From the TBR Shelf #39: Thermopylae by Paul Cartledge The Battle That Changed the World (2006) by Paul Cartledge

Let's first address my irritation with this subtitle: "the battle that changed the world." Cartledge does make a good case for why the Battle of Thermopylae had a huge impact on the development of Western civilization and its ideas about courage and freedom, but really, doesn't everything "change the world"? I mean, aliens suddenly landing on Earth- now that would change the world. But the Spartans and their desperate stand against the Persian king Xerxes in 480 BC were part of and helped drive the evolution of the Western worldview, not something that popped out of nowhere. </rant>

Anyway, Cartledge gives us a detailed background of the circumstances leading up to the battle, including the history of Spartan ideology and the circumstances that united most of the Greek city-states in a stand against Persian aggression (the second Persian invasion). King Leonidas, the head of the Greek alliance army, helped the bulk of his soldiers successfully retreat when the Persians were close, holding the pass at Thermopylae with 300 Spartans and several hundred others, resulting in most of their deaths.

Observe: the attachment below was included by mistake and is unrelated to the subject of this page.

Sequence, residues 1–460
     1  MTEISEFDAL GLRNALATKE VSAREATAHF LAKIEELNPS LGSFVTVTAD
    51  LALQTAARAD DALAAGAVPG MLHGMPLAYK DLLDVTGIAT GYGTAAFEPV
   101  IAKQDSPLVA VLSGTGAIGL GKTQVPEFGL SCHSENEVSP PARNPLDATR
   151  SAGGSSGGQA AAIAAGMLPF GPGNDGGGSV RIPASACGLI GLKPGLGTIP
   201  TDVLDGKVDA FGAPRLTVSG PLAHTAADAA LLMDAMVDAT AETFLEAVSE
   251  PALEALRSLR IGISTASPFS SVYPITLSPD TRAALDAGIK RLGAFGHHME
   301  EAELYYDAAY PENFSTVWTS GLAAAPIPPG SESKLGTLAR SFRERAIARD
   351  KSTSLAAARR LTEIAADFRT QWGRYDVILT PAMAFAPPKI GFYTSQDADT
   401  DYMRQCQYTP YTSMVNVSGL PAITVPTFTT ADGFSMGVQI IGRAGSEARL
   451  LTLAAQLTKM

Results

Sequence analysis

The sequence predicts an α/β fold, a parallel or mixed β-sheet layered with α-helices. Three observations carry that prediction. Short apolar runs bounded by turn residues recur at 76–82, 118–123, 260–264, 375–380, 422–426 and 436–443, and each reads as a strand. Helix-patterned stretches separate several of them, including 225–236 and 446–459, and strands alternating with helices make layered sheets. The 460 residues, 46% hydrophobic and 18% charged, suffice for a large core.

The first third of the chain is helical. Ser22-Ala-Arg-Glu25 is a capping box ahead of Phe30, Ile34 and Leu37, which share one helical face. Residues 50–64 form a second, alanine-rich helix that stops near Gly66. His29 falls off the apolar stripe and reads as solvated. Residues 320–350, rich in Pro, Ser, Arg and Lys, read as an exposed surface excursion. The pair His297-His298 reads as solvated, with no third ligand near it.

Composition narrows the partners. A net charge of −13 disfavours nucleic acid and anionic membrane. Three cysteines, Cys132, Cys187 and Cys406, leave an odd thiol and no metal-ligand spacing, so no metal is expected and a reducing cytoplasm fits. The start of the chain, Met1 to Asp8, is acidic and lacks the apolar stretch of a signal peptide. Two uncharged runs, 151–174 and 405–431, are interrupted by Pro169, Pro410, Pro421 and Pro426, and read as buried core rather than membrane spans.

Not knowing much about ancient Greece and Persia, I was at first overwhelmed by the flood of new information and very difficult-to-pronounce names- this was also because I was listening to the audiobook version, and can usually retain information better when I read the printed page. Nonetheless, I started to understand how Persia under Xerxes and the Greek city-states of the ancient world developed such different worldviews and perspectives on democracy/authoritarianism, martial skill, religious custom, and more. Cartledge also charts the impact of Thermopylae on modern popular culture, noting references to the 300 in books, films, and tv shows, suggesting that the Spartans have been turned into symbols of bravery, perseverance, and selflessness- willing to die for their freedom.

What we learn from Cartledge's book, though, is that the Spartans were far more complicated than we think, enslaving others so that they could have the time to build up a martial society. His discussion of ancient Persia also piqued my interest in that time and place, and sent me looking for more books on the subject. Overall, Thermopylae was a good introduction to the ancient world and one of the most well-known battles in history.

1 comment:

  1. Author is an academic and one of the foremost experts on Ancient Sparta, yet he writes in a fairly colloquial and accessible style, inserting his own opinions with humor frequently. This and his other book, "The Spartans" are both excellent reads, especially considering that the author considers modern-day portrayals of Spartans in the movies and fiction (predates 300, however) and discusses some of the problems with modern-day viewpoints of Ancient Sparta and its society.